Study: women live longer but lead less active lives than men

Women are living longer but they aren’t living more active years.

Between 1982 and 2011, researchers found women’s active life expectancy at age 65 increased by about two years. Men’s active life expectancy increased by about five years in that same period. The findings have been published online ahead of print by the American Journal of Public Health.

“Just a few decades ago, older women used to live more years than men without needing help taking care of themselves or managing basic household activities,” says lead author Vicki Freeman, PhD, research professor at the Institute for Social Research at the University of Michigan in a university-issued news release. “But that does not appear to be the case anymore.”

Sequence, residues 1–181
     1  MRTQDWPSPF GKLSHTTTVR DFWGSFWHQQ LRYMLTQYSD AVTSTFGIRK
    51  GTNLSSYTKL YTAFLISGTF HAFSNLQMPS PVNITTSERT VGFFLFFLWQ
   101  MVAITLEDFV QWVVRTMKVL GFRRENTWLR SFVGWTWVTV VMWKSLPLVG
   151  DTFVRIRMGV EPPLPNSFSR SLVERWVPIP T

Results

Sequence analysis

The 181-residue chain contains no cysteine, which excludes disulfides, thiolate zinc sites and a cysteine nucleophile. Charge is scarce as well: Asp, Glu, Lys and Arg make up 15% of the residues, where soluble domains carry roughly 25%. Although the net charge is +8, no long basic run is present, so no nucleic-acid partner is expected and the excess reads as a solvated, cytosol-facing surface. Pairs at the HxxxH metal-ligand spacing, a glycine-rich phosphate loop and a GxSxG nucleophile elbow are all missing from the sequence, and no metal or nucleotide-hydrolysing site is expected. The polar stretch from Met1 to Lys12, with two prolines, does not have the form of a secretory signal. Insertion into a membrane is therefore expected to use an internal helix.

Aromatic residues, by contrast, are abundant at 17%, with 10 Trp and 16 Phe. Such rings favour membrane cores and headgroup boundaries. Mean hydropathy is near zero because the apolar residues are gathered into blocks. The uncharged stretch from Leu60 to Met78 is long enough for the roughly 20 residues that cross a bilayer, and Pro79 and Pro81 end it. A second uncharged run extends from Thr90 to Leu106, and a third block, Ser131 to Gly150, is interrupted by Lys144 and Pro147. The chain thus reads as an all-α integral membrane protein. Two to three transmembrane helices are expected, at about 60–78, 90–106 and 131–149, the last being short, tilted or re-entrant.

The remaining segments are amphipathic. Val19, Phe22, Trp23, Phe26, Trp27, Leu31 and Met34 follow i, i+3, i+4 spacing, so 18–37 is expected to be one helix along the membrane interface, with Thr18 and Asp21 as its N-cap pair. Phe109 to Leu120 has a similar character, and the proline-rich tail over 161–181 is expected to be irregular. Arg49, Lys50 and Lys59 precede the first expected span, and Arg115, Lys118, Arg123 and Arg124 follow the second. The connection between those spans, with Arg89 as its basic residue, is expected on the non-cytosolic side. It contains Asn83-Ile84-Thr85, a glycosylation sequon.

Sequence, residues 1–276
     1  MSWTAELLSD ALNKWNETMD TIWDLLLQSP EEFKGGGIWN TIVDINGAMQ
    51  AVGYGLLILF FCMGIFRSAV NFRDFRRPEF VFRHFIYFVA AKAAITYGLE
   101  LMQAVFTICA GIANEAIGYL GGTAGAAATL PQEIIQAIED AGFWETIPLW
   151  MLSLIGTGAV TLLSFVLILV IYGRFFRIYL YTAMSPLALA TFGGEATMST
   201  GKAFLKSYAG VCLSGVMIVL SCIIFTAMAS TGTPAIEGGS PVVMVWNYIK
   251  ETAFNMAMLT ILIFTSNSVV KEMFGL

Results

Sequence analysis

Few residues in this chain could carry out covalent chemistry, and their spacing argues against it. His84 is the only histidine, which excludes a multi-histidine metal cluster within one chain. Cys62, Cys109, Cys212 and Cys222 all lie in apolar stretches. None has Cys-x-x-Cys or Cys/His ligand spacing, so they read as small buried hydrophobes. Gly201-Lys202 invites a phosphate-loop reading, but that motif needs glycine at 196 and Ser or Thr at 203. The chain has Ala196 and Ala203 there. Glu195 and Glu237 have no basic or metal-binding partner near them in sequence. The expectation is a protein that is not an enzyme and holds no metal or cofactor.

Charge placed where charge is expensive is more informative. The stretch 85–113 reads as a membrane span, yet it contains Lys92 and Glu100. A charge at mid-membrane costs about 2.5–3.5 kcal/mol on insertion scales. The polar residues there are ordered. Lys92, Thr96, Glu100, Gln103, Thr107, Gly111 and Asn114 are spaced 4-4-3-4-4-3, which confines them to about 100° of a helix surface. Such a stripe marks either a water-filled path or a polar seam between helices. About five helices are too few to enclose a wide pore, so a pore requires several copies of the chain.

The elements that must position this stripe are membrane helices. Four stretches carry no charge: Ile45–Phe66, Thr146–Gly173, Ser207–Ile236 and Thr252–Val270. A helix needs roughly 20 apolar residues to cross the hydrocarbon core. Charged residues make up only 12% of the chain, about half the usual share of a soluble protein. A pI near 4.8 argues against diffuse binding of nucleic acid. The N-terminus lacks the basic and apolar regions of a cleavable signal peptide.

Researchers aren’t sure why women are lagging behind men in active life expectancy. Freedman says women, in part because of longer life expectancy and genetic risks, are more likely to fall or develop conditions such as arthritis, depression or dementia that may affect an active lifestyle.

Researchers used data from the 1982 and 2004 National Long-Term Care Survey and the 2011 National Health & Aging Trends Study to estimate disability trends among Medicare enrollees. Survey participants were asked if a disability, defined as a health issue, prevented them from doing at least one of their normal daily activities like eating, shopping for groceries or getting out of bed. Participants were observed for years after to determine their mortality rate. Female life expectancy increased from 83.5 in 1982 to 85.5 in 2011. Male life expectancy also increased from 79 in 1982 to 84 years in 2011.

Topics: Clinical